In the case of Re Nichol; Nichol v Nichol  QSC 220, the deceased died without a valid formal will but made and saved an unsent text message on his mobile phone moments before taking his own life. The contents of the text message addressed to the deceased’s brother read as follows:
“Dave Nic you Jack keep all that I have house and superannuation, put my ashes in the back garden with Trish Julie will take her stuff only she’s ok gone back to her ex AGAIN I’m beaten. A bit of cash behind TV and a bit in the bank Cash card pin 3636
The Will Dispute
The deceased’s brother and nephew argued the unsent text message was considered an informal will and the deceased’s assets should then be distributed in accordance with the unsent text message.
The deceased’s widow argued that the text message was not an informal will because the text message was never sent. The deceased estate should then be distributed in accordance with the rules of intestacy where the deceased estate would be left to the widow and the deceased’s estranged son.
The Court ruled in favour of the deceased’s brother and nephew based on the following circumstances that the deceased did intend the text message to be a document with his final testamentary intentions:
- Text message was created on or about the time the deceased contemplated death to the extent that he even indicated where he wanted his ashes to be places;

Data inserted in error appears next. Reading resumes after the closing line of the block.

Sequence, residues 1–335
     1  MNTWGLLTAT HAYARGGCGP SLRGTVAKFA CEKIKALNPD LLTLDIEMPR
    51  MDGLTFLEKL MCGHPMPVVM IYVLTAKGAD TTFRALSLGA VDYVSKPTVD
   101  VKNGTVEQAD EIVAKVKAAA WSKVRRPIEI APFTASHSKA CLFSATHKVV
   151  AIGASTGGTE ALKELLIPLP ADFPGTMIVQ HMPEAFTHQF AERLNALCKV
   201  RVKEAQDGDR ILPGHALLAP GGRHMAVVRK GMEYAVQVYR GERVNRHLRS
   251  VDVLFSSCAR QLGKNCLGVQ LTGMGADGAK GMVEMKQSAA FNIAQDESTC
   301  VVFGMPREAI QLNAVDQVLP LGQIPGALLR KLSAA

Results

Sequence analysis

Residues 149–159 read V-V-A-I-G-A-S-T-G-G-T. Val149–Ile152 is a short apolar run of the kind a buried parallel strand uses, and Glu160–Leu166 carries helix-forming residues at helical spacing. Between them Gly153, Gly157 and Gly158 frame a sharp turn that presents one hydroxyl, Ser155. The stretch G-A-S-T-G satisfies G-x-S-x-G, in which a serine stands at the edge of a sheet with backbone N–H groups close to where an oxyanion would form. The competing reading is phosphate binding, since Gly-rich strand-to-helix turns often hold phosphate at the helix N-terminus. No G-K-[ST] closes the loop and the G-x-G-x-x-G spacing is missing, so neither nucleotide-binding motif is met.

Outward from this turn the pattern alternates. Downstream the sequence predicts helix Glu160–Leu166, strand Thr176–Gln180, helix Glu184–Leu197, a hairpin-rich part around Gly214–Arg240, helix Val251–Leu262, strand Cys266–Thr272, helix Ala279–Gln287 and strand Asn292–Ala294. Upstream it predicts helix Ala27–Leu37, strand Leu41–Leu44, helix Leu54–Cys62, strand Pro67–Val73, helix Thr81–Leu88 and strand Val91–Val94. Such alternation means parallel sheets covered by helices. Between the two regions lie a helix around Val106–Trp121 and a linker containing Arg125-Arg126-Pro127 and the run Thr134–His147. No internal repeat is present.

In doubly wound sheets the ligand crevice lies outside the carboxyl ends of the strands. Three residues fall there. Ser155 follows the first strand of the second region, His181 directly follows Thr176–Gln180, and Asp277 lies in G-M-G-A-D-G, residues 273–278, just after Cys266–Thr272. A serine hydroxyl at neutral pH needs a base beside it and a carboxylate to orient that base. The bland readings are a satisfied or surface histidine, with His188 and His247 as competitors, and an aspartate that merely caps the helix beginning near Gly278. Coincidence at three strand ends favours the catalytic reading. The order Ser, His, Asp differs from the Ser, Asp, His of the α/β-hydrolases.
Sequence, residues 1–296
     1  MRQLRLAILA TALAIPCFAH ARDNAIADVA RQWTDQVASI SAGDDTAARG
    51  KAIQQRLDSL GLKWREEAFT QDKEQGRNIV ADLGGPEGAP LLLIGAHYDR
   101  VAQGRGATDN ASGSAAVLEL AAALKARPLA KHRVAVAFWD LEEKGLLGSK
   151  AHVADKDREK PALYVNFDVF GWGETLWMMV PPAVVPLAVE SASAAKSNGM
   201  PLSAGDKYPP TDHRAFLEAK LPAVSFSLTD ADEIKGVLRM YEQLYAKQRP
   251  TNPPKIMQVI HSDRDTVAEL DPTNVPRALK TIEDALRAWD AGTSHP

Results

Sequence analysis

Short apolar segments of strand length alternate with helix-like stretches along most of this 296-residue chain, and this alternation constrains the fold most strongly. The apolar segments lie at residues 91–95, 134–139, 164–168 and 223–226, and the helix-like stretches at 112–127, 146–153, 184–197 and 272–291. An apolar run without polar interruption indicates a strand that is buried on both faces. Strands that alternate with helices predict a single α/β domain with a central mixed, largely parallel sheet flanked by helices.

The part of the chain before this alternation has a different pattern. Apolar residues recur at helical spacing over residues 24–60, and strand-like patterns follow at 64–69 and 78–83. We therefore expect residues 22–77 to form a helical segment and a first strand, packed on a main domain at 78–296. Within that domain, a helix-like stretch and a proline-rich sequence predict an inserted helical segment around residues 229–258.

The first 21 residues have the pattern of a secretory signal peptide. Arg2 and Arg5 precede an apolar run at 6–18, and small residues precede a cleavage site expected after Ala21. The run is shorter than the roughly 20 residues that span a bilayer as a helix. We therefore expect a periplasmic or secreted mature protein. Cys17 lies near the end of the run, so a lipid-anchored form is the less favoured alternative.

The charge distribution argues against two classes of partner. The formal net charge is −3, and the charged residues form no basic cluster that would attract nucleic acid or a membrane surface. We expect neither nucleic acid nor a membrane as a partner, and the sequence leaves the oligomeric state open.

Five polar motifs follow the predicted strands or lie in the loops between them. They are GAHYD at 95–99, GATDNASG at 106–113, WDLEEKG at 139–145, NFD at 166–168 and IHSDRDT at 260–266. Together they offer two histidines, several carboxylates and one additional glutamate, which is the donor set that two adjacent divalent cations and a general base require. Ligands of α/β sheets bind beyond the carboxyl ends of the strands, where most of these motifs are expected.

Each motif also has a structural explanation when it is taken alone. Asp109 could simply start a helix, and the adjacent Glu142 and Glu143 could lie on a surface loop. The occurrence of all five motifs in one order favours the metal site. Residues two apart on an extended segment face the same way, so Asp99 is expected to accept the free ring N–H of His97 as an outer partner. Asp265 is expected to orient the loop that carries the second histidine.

- Deceased mobile phone was found near where he died;
- Deceased addressed how he wish to dispose his assets and expressly excluded the widow and estranged son;
- The details of the text message included directions as to where was cash to be found, that there was money in the bank and the card pin numbers, as well as the deceased’s initials with his date of birth and ending the documents with the words “my will”; and
- Deceased did not express any contrary wishes or intentions in relation to his estate and its disposition from that contained in the text message.
To minimise the risk of your estate ended up in litigation, your loved ones increased emotional toll and paying significant legal costs that would diminish the value of your estate, it is imperative that a valid will be made.
In New South Wales, a Will is considered a valid Will if it complies with the legal requirements in section 6 of the Succession Act 2006 (NSW). A valid Will:
- Must be in writing and executed by the Will-maker or by some other person in the presence of and at the direction of the Will-maker;
- The Will-maker’s signature is made or acknowledge in the presence of two or more witnesses who are present at the same time;
- At least two of the witnesses attest and sign the will in the presence of the Will-maker (but not necessarily in the presence of each other; and
- The signature of the will-maker or person executing in the presence and at the direction of the Will-maker must be made with the intention of executing the will.
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If you would like assistance preparing or updating your Will, please do not hesitate to contact our Wills and Estates lawyers on 13 43 63 today.